Holmes Lawn & Pest Blog

The Hobo Spider

What does a hobo spider look like

The hobo spider is a type of funnel web spider that is very common in Utah. As a funnel web spider, the hobo spider builds a funnel-shaped structure instead of a web, and it is on/around this structure that the hobo spider takes shelter and attacks its prey. As reports of hobo spiders in Utah have become more common throughout the years, a debate has arisen about whether the spider is dangerous to humans. 

 

In the early 1990’s, it was believed that the hobo spider was highly dangerous, with a bite that caused necrosis of the skin. In recent years, however, the consensus has become that hobo spiders are not significantly dangerous to humans.

Appearance

Hobo spiders are nearly impossible to differentiate from similar-looking spiders without the use of a microscope. In general, hobo spiders have a brown cephalothorax that is connected to legs of the same color. The abdominal area of the hobo spider is a lighter color, with markings in colors of gray, black, and/or yellow.   

 

Though hobo spiders are frequently confused with other common spiders, they are considerably smaller than their counterparts, such as the wolf spider or giant house spider. They typically grow somewhere between 7 to 17 millimeters, with females being larger than the males. The males have robust pedipalps near their mouths, which resemble stunted legs with tiny boxing gloves at the ends.

 

The clearest way to identify a hobo spider is by its solid-colored legs that do not feature the markings of similar spiders; however, this can be difficult to discern with the naked eye, and it is still not a guarantee that you are seeing a hobo spider. Hobo spiders typically have chevron-shaped markings on their abdomens, but this is not a reliable indicator due to many other species having similar markings.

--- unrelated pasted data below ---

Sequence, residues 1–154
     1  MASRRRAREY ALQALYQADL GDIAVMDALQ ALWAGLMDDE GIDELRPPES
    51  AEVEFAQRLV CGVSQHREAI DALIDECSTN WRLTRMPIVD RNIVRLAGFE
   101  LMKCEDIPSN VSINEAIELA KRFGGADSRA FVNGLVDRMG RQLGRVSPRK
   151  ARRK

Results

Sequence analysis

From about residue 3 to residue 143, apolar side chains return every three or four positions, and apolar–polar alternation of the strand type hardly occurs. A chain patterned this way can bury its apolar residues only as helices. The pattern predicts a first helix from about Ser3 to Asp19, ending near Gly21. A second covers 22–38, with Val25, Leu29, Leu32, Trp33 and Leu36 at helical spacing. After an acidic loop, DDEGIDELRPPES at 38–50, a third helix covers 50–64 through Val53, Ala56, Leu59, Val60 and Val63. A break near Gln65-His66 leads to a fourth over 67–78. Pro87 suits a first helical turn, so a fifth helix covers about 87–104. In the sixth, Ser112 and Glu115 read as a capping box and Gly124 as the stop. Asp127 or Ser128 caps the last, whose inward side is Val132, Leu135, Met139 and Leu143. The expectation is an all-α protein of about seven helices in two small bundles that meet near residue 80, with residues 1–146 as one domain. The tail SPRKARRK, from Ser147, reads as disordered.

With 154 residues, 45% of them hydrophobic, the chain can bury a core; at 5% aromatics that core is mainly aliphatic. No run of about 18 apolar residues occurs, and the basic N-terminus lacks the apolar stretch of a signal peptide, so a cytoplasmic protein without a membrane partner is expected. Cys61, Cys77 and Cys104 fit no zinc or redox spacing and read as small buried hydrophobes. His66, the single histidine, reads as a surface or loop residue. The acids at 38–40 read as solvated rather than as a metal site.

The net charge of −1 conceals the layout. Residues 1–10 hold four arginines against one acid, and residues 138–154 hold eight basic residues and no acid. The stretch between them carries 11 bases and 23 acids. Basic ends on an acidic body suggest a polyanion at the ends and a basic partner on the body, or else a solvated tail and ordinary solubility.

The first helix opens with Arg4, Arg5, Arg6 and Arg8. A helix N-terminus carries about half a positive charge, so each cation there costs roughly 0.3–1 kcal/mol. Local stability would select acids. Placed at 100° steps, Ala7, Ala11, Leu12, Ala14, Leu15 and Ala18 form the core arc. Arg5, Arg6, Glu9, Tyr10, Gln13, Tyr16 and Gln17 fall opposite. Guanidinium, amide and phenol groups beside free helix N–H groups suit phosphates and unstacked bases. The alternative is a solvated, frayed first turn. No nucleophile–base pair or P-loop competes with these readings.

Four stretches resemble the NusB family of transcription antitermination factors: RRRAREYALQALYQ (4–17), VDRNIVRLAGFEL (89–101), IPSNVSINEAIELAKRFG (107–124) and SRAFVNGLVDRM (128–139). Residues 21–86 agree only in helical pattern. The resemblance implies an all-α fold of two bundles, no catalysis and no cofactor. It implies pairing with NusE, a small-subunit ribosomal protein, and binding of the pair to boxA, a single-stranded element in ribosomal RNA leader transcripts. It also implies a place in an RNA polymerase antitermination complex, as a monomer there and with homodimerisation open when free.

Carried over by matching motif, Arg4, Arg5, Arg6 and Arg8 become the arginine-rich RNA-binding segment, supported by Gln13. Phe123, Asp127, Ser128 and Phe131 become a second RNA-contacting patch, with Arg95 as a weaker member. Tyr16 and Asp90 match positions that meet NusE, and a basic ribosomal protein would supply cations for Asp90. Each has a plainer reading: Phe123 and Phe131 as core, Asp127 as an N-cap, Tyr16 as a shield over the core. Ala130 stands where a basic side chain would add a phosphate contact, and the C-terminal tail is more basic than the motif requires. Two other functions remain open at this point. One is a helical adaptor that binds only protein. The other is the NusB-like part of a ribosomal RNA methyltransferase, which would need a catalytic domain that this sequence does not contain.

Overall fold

Under a microscope, one would notice that hobo spiders have eight eyes in two rows, and their mouthparts have six to eight teeth. These and other small variances are relatively unique to hobo spiders when compared to similar species, but they are not noticeable without close, professional examination.

Life Cycle

Hobo spiders are commonly found in the Pacific Northwest, but they have made their way to nearby inland states, such as Utah. Hobo spiders in inland states are believed to live up to three years, but these spiders in coastal areas have a life expectancy of just one year. 

 

The males of the species will begin to look for a mate in summer. After mating, most males die afterwards or later in fall. The female produces up to four egg sacs in fall that will overwinter until the following spring when the eggs hatch. The mother spider will likely die before winter, but some may overwinter with the eggs and survive well into the following summer. 

 

The spiderlings molt their skin inside the egg sac before emerging. Once hatched, the young spiders will remain close to the funnel web of their mother where they feed and grow. Depending on when they are hatched, some young spiders will overwinter once more before reaching full maturity the following spring.